A sea otter, resting on its back, holding its paw out of the water for warmth. While the sea otter has extremely dense fur on its body, the fur is less dense on its head, arms and paws so it will hold these out of the cold water to conserve body heat.
Image ID: 21670  
Species: Sea otter, Enhydra lutris
Location: Elkhorn Slough National Estuarine Research Reserve, Moss Landing, California, USA
 
A sea otter mother floats alongside her days-old pup through the water. The pup still has the fluffy fur it was born with, which traps so much fur the pup cannot dive and floats like a cork.
Image ID: 21671  
Species: Sea otter, Enhydra lutris
Location: Elkhorn Slough National Estuarine Research Reserve, Moss Landing, California, USA
 
Sea otters, resting on the surface by lying on their backs, in a group known as a raft.
Image ID: 21672  
Species: Sea otter, Enhydra lutris
Location: Elkhorn Slough National Estuarine Research Reserve, Moss Landing, California, USA
 
Morning Glory Pool has long been considered a must-see site in Yellowstone.  At one time a road brought visitors to its brink.  Over the years they threw coins, bottles and trash in the pool, reducing its flow and causing the red and orange bacteria to creep in from its edge, replacing the blue bacteria that thrive in the hotter water at the center of the pool.  The pool is now accessed only by a foot path.  Upper Geyser Basin, Yellowstone National Park, Wyoming Morning Glory Pool has long been considered a must-see site in Yellowstone.  At one time a road brought visitors to its brink.  Over the years they threw coins, bottles and trash in the pool, reducing its flow and causing the red and orange bacteria to creep in from its edge, replacing the blue bacteria that thrive in the hotter water at the center of the pool.  The pool is now accessed only by a foot path.  Upper Geyser Basin, Yellowstone National Park, Wyoming Sea otter, Enhydra lutris, Resurrection Bay, Kenai Fjords National Park, Alaska
Morning Glory Pool has long been considered a must-see site in Yellowstone. At one time a road brought visitors to its brink. Over the years they threw coins, bottles and trash in the pool, reducing its flow and causing the red and orange bacteria to creep in from its edge, replacing the blue bacteria that thrive in the hotter water at the center of the pool. The pool is now accessed only by a foot path. Upper Geyser Basin.
Image ID: 13353  
Location: Upper Geyser Basin, Yellowstone National Park, Wyoming, USA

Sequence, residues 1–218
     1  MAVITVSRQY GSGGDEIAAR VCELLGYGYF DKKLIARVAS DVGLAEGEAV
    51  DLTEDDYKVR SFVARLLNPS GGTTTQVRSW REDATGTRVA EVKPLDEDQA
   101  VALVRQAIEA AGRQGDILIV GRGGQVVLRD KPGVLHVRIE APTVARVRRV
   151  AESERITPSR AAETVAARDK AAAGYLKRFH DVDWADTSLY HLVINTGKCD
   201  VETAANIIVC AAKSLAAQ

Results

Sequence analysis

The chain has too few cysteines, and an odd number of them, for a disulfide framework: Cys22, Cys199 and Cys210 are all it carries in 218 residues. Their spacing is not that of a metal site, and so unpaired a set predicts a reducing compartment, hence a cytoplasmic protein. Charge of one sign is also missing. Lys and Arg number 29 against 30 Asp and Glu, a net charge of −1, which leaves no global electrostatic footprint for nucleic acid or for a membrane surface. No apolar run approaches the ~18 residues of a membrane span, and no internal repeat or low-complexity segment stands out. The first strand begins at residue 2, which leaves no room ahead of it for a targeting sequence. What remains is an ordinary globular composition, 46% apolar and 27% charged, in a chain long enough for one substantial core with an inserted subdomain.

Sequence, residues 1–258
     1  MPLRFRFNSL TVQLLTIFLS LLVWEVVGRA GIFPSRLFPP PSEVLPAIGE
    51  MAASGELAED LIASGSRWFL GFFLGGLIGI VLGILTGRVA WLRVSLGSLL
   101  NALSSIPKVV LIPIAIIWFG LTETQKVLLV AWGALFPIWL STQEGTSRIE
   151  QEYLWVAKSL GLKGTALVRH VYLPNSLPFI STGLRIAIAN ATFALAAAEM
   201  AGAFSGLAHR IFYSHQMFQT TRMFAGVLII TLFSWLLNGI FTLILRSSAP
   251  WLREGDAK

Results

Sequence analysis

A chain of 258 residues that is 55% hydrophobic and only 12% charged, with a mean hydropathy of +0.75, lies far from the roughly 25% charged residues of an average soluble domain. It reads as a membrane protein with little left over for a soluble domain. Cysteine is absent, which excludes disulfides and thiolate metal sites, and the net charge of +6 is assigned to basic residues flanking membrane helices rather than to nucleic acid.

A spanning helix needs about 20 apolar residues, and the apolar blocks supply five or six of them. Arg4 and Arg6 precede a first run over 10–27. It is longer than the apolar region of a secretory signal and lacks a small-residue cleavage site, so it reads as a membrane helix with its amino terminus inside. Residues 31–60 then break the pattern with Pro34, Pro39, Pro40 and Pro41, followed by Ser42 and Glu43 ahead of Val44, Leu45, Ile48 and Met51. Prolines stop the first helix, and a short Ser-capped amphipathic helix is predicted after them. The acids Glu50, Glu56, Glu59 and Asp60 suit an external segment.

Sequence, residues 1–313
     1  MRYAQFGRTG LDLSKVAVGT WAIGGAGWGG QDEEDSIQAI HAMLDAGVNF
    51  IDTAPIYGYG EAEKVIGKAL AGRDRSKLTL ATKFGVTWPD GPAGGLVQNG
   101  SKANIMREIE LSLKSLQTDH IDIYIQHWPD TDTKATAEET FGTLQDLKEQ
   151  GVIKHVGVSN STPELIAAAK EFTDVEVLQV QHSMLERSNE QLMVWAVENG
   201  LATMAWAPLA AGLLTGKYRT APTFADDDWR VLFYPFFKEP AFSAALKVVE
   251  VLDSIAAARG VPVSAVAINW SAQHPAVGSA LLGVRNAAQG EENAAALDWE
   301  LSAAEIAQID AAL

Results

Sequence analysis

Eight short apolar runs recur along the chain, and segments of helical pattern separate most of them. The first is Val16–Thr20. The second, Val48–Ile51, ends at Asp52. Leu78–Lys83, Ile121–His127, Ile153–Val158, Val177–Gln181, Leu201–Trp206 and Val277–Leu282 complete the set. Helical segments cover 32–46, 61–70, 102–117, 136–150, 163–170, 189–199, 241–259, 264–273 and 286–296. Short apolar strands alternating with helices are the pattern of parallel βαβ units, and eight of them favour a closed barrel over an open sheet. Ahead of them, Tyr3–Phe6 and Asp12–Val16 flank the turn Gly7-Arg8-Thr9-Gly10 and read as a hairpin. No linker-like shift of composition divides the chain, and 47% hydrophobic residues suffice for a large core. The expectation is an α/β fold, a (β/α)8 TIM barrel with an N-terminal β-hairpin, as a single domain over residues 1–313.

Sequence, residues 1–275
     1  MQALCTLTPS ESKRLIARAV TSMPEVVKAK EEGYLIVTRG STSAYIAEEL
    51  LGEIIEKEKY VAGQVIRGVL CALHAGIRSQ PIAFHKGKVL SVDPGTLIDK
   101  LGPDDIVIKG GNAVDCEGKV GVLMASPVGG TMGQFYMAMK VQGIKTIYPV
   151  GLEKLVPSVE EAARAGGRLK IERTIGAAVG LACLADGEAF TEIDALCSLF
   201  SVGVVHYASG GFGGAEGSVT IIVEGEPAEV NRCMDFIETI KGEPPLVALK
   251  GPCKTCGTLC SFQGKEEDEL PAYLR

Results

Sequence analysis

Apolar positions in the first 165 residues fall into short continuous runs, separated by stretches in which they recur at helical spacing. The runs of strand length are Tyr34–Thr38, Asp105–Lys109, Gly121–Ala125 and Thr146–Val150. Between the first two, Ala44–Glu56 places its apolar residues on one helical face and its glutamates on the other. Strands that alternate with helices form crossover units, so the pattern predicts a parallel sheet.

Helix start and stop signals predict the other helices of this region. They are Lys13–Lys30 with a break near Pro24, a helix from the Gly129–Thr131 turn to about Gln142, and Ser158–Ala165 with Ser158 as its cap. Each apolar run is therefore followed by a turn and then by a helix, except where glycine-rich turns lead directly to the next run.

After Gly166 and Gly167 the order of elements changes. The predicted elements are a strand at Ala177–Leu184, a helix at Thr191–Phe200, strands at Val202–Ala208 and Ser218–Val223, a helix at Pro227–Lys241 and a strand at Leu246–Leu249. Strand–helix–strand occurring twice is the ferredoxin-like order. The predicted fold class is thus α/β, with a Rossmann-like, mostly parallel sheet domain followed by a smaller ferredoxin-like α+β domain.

Morning Glory Pool has long been considered a must-see site in Yellowstone. At one time a road brought visitors to its brink. Over the years they threw coins, bottles and trash in the pool, reducing its flow and causing the red and orange bacteria to creep in from its edge, replacing the blue bacteria that thrive in the hotter water at the center of the pool. The pool is now accessed only by a foot path. Upper Geyser Basin.
Image ID: 13354  
Location: Upper Geyser Basin, Yellowstone National Park, Wyoming, USA
 
Sea otter.
Image ID: 16937  
Species: Sea otter, Enhydra lutris
Location: Resurrection Bay, Kenai Fjords National Park, Alaska, USA
 


Natural History Photography Blog posts (14) related to Otter



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Categories Appearing Among These Images:
Animal  >  Mammal  >  Otter  >  Sea Otter
Gallery  >  California
Gallery  >  Icon
Gallery  >  New Work August 2011
Gallery  >  Wildlife Portraits
Gallery  >  Yellowstone National Park
Location  >  Protected Threatened and Significant Places  >  National Marine Sanctuaries  >  Monterey Bay National Marine Sanctuary (California)  >  Elkhorn Slough National Estuarine Research Reserve
Location  >  Protected Threatened and Significant Places  >  National Parks  >  Kenai Fjords National Park (Alaska)
Location  >  Protected Threatened and Significant Places  >  National Parks  >  Yellowstone National Park (Wyoming)  >  Geothermal Features  >  Spring  >  Grand Prismatic Spring
Location  >  Protected Threatened and Significant Places  >  National Parks  >  Yellowstone National Park (Wyoming)  >  Geothermal Features  >  Spring  >  Morning Glory Pool
Location  >  Protected Threatened and Significant Places  >  World Heritage Sites  >  Yellowstone National Park (USA)
Location  >  USA  >  Alaska  >  Kenai Fjords National Park  >  Resurrection Bay
Location  >  USA  >  California  >  Morro Bay
Location  >  USA  >  California  >  Moss Landing  >  Elkhorn Slough
Location  >  USA  >  Wyoming  >  Yellowstone National Park
Location  >  World  >  The Netherlands  >  Amsterdam  >  Rijksmuseum
Natural World  >  Geothermal Features  >  Spring

Species Appearing Among These Images:
Enhydra lutris

Natural History Photography Blog posts (14) related to Otter
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Photo of Morning Glory Pool, Yellowstone National Park

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Updated: August 19, 2019